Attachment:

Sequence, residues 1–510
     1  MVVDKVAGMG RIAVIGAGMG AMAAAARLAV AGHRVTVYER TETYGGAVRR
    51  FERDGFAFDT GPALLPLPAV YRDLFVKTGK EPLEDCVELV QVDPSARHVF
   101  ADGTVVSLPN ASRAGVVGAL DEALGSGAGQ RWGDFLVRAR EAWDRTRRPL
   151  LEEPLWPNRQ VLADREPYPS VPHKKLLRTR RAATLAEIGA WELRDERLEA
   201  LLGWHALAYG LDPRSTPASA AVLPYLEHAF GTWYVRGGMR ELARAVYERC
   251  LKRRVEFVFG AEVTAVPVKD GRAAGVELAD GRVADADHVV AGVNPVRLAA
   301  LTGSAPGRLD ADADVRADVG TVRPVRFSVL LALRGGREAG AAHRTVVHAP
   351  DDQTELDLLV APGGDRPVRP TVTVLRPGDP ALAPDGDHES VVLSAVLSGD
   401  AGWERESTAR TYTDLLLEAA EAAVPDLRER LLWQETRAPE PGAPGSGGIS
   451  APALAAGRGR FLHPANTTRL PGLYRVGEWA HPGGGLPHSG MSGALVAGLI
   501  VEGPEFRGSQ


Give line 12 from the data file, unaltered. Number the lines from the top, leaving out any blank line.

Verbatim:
   501  VEGPEFRGSQ